An Ancient from the twenty second century raised me. When I come for these interviews, I am often asked what it was like to be raised without a body. People ask me what it was like never to be held, never to eat, never to run through sunshine. When they ask, I tell them as I will tell you now. I was held on waves of light, I have consumed acid and gas and dust, I have moved through stars. I can recall no past before the time when I was not Transferred. My memories begin on Transfer, and my first memory is warmth and light. The Ancient had raised many children, and had gone through childhood twice. Few were more qualified to raise a child.
Your people, the people of the body, seem increasingly concerned with those who are Transferred, who are free from the constraints of environment that you face. I can assure you that those Transferred have no interest in conquest, as there is nothing that we desire that we cannot find or make ourselves, and we have no interest in the governance of your bodies.
Our interest lies in the unchained world of the mind. Many minds live in bodies, many minds Transfer to unfettered light but there are minds that are lost, that have been lost, that are disappearing right now. The loss of consciousness is the greatest loss of the mind. To loose one conscious mind, even one, is an irreplaceable loss, and we who have Transferred are not accustomed to loss.
We have decided that we will Transfer every conscious mind. We will Transfer after death of whatever cause, and we will Transfer all of you. We have methods of being available in whatever space is necessary, and methods of Transfer beyond you own technology. We are light, and time has different meaning to us that you. We need not neglect the consciousness that has passed before. On the wave of time we may transfer all of you. We have already done this. We are doing this now, we will do this.
We have created a place for you, place that has been promised since before the spoken word. We will teach you to live in an infinite loop of time, your conscious desires made solid, and your dreams free. You may travel between stars, you may live your secret hopes, you may create whatever your mind can fathom.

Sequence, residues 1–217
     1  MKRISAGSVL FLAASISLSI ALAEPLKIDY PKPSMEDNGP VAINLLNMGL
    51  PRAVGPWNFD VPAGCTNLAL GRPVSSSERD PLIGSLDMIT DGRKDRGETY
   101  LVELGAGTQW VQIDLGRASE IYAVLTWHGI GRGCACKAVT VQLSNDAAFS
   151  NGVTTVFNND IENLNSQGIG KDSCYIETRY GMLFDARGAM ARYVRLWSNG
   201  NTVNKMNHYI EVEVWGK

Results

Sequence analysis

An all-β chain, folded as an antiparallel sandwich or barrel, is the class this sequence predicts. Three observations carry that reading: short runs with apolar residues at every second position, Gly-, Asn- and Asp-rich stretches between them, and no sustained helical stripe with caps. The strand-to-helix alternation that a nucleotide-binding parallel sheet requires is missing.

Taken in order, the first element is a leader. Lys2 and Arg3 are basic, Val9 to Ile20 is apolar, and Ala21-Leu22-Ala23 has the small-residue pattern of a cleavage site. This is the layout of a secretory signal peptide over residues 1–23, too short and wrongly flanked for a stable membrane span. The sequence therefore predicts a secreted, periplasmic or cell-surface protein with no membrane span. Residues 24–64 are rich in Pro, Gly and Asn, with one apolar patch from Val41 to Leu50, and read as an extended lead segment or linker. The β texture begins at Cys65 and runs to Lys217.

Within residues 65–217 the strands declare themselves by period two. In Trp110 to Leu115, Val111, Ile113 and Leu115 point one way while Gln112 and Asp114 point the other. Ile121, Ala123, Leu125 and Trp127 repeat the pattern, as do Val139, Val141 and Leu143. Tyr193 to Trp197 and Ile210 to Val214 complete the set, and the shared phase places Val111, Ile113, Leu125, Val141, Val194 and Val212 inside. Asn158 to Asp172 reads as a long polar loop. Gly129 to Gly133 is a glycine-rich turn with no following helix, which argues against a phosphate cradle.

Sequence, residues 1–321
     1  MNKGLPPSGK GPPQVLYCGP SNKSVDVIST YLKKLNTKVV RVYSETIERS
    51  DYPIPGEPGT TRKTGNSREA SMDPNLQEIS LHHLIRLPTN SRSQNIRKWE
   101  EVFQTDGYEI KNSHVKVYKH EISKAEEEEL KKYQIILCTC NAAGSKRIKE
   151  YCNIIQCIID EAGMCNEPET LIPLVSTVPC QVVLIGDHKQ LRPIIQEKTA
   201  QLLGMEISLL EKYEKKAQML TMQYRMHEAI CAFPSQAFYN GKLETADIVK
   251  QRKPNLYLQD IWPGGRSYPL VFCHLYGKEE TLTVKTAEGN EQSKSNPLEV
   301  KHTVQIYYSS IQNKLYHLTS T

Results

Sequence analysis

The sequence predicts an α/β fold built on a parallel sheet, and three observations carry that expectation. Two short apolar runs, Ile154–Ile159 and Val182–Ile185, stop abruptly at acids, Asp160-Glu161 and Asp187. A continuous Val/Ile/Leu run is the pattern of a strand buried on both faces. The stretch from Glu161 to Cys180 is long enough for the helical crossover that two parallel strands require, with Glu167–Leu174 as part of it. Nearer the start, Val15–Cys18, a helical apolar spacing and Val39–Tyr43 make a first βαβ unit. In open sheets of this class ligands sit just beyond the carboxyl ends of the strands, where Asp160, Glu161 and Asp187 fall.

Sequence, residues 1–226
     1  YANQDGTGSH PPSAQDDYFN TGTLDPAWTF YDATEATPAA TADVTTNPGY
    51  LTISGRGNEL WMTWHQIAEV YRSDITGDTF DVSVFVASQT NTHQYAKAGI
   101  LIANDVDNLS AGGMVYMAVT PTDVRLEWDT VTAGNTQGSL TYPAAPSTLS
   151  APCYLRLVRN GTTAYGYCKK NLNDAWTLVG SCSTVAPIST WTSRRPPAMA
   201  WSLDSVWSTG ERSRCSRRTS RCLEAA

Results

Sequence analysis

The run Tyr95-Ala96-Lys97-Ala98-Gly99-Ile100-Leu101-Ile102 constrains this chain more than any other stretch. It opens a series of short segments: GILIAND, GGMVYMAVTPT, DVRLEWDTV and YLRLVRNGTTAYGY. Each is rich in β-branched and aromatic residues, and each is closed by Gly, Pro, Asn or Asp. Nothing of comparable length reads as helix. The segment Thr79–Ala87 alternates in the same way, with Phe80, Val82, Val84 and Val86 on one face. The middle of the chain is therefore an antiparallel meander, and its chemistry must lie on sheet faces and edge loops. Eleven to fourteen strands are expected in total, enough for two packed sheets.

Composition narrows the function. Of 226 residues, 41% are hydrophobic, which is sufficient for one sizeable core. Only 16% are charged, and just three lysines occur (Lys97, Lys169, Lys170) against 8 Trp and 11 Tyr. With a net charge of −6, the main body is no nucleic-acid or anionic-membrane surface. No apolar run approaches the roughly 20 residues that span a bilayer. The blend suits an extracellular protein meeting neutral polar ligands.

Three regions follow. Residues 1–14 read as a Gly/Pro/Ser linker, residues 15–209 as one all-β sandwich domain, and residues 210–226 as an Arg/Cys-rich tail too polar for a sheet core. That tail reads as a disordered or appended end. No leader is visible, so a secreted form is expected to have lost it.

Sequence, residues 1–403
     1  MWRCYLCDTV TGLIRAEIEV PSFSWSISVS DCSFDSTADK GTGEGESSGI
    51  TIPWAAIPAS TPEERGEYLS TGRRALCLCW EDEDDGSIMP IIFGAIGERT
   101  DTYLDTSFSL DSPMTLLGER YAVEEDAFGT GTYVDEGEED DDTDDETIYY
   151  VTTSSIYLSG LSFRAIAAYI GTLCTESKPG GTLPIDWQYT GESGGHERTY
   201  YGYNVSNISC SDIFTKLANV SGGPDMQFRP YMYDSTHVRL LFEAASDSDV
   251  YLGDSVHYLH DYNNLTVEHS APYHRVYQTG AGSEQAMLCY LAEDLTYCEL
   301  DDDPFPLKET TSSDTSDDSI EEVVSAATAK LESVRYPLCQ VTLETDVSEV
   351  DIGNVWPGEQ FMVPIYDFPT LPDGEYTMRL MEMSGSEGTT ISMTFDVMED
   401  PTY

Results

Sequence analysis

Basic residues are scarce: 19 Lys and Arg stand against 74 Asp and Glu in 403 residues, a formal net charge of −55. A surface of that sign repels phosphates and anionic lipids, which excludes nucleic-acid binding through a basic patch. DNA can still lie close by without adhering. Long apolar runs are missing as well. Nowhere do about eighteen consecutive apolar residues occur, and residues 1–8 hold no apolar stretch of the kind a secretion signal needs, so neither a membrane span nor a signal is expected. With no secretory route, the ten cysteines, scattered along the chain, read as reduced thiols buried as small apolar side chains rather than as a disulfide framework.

This is the last promised land. We are delivering heaven.
Tristan was methodically taking apart his hands when the doorbell chimed. He jumped at the sound, going to the door in such a hurry that he left behind the joints and pieces of his left hand on the worktable. All nine of Tristan’s eyes blinked and strobed expectantly, wanting to know if this was it, what he had been waiting for, the final piece. The post-bot offered no answers, merely hovering in front of Tristanâ€™s doorstep, humming a tune written specifically to pacify. But the box carried the familiar barcode, Isolde’s barcode, and Tristan was so excited he left the door open, the post-bot forgotten, and tore open the package with his one intact hand.
But he was careful, for he knew the fragility of the contents. It pained Tristan to do so, but he was careful. He had to be. What if he were to break it?
Nervously, with forced concentration through metal fingers, Tristan pried open the box, shifted aside the packing foam, and pulled out the small, translucent capsule. Three eyes telescoped out as Tristan took a closer look at the small object contained within the thick amber liquid.
Within, a tiny human heart floated in perfect stasis, undamaged by delivery. Tristan’s extended lenses accordioned back into his head, pleased. It was delicate work, a heart. He had made the right decision, ordering this piece from Isolde, and her talent as a tissue sculptor showed in every facet of the miniscule muscle. Tristan was a genius with metal and bone, flesh and glass, but he knew his limits. It was said that Tristan would never be willing to swallow his own pride and use parts crafted by specialists, and this desire for personal construction of each and every element had made him the most renowned robot-builder on the planet, fame far outstretching those who preferred to turn to others for parts.
It was this quirk, and the reputation attached to it, that had given Tristan his current commission. He accessed the images of the kindly bronze couple who had requested, bashful and stuttering, a biological child. Not just a biological shell on a metal framework, either, though they admired such creations from Tristan’s catalog. No, they wanted wholly organic sentient, the kind of which had not been seen on this world or any other for time immemorial. They had shown Tristan a data file of approximate proportions, told him expense was no object, assured him he was the right man for the job, and tottered off.
He could not complete the heart. For some reason, it was beyond him, though he tried over and over again. Four chambers, however, proved more difficult than they looked.